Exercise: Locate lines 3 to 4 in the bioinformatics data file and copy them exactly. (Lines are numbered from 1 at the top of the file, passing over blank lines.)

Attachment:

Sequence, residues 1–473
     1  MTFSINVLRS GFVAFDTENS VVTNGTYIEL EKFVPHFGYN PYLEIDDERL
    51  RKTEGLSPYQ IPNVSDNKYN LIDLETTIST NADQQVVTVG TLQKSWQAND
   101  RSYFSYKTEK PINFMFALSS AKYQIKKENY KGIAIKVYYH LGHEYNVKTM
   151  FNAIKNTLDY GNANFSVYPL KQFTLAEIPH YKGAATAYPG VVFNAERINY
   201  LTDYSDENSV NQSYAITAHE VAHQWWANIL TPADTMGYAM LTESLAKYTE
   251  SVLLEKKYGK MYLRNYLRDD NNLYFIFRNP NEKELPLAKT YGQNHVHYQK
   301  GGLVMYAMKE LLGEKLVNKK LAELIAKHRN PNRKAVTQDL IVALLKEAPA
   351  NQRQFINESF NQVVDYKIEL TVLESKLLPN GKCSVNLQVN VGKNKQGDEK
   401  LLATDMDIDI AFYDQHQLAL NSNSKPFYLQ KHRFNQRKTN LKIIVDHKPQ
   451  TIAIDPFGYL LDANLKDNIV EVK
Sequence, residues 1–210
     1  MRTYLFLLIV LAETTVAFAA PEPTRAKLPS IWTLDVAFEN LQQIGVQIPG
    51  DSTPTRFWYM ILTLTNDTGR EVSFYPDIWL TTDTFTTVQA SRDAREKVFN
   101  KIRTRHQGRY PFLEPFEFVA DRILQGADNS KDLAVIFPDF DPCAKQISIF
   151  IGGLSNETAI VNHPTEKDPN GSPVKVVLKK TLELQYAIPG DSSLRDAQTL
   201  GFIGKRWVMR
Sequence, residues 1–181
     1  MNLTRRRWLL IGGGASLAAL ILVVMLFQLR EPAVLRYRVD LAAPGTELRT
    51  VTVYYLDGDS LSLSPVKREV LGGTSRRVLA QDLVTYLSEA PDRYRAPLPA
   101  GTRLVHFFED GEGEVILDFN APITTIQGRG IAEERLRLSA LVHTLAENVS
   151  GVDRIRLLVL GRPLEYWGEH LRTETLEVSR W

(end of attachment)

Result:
    51  RKTEGLSPYQ IPNVSDNKYN LIDLETTIST NADQQVVTVG TLQKSWQAND
   101  RSYFSYKTEK PINFMFALSS AKYQIKKENY KGIAIKVYYH LGHEYNVKTM